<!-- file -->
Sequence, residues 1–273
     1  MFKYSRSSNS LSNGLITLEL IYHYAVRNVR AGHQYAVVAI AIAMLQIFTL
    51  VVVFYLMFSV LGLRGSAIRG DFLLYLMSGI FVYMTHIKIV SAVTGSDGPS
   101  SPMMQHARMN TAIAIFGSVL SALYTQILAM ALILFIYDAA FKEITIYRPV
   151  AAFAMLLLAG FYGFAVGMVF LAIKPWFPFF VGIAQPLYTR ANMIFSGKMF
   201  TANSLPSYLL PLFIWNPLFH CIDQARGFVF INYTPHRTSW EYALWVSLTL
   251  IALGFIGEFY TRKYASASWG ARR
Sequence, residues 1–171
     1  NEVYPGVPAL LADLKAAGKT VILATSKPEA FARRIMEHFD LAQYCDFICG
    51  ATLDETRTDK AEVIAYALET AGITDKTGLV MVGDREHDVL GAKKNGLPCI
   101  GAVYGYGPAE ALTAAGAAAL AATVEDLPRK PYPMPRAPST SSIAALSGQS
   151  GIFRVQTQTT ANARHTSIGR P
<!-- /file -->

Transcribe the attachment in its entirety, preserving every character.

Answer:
Sequence, residues 1–273
     1  MFKYSRSSNS LSNGLITLEL IYHYAVRNVR AGHQYAVVAI AIAMLQIFTL
    51  VVVFYLMFSV LGLRGSAIRG DFLLYLMSGI FVYMTHIKIV SAVTGSDGPS
   101  SPMMQHARMN TAIAIFGSVL SALYTQILAM ALILFIYDAA FKEITIYRPV
   151  AAFAMLLLAG FYGFAVGMVF LAIKPWFPFF VGIAQPLYTR ANMIFSGKMF
   201  TANSLPSYLL PLFIWNPLFH CIDQARGFVF INYTPHRTSW EYALWVSLTL
   251  IALGFIGEFY TRKYASASWG ARR
Sequence, residues 1–171
     1  NEVYPGVPAL LADLKAAGKT VILATSKPEA FARRIMEHFD LAQYCDFICG
    51  ATLDETRTDK AEVIAYALET AGITDKTGLV MVGDREHDVL GAKKNGLPCI
   101  GAVYGYGPAE ALTAAGAAAL AATVEDLPRK PYPMPRAPST SSIAALSGQS
   151  GIFRVQTQTT ANARHTSIGR P